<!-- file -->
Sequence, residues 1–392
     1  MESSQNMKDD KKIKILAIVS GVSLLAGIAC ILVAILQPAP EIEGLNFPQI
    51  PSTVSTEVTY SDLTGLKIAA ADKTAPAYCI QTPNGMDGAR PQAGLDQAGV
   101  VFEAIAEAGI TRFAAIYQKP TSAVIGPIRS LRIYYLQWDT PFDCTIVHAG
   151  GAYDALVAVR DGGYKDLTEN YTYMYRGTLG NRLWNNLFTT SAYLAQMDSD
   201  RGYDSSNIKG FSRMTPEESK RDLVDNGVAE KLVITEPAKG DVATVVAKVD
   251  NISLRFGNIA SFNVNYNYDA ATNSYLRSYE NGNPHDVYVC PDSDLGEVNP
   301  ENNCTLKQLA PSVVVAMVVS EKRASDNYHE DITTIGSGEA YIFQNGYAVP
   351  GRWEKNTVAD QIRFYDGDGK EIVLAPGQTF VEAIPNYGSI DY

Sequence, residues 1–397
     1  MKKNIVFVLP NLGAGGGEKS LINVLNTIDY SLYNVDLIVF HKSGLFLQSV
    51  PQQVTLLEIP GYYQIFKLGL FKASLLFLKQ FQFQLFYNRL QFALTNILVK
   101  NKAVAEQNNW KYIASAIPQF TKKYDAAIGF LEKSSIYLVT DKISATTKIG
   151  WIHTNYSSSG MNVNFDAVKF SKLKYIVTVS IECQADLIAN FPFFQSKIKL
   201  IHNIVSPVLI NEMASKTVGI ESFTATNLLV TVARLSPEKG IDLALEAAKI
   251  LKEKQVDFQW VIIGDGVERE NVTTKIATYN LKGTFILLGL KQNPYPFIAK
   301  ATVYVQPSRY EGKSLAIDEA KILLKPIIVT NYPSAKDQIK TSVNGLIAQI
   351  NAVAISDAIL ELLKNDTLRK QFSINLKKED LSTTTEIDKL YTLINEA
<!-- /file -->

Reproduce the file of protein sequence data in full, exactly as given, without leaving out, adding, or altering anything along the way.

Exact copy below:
Sequence, residues 1–392
     1  MESSQNMKDD KKIKILAIVS GVSLLAGIAC ILVAILQPAP EIEGLNFPQI
    51  PSTVSTEVTY SDLTGLKIAA ADKTAPAYCI QTPNGMDGAR PQAGLDQAGV
   101  VFEAIAEAGI TRFAAIYQKP TSAVIGPIRS LRIYYLQWDT PFDCTIVHAG
   151  GAYDALVAVR DGGYKDLTEN YTYMYRGTLG NRLWNNLFTT SAYLAQMDSD
   201  RGYDSSNIKG FSRMTPEESK RDLVDNGVAE KLVITEPAKG DVATVVAKVD
   251  NISLRFGNIA SFNVNYNYDA ATNSYLRSYE NGNPHDVYVC PDSDLGEVNP
   301  ENNCTLKQLA PSVVVAMVVS EKRASDNYHE DITTIGSGEA YIFQNGYAVP
   351  GRWEKNTVAD QIRFYDGDGK EIVLAPGQTF VEAIPNYGSI DY

Sequence, residues 1–397
     1  MKKNIVFVLP NLGAGGGEKS LINVLNTIDY SLYNVDLIVF HKSGLFLQSV
    51  PQQVTLLEIP GYYQIFKLGL FKASLLFLKQ FQFQLFYNRL QFALTNILVK
   101  NKAVAEQNNW KYIASAIPQF TKKYDAAIGF LEKSSIYLVT DKISATTKIG
   151  WIHTNYSSSG MNVNFDAVKF SKLKYIVTVS IECQADLIAN FPFFQSKIKL
   201  IHNIVSPVLI NEMASKTVGI ESFTATNLLV TVARLSPEKG IDLALEAAKI
   251  LKEKQVDFQW VIIGDGVERE NVTTKIATYN LKGTFILLGL KQNPYPFIAK
   301  ATVYVQPSRY EGKSLAIDEA KILLKPIIVT NYPSAKDQIK TSVNGLIAQI
   351  NAVAISDAIL ELLKNDTLRK QFSINLKKED LSTTTEIDKL YTLINEA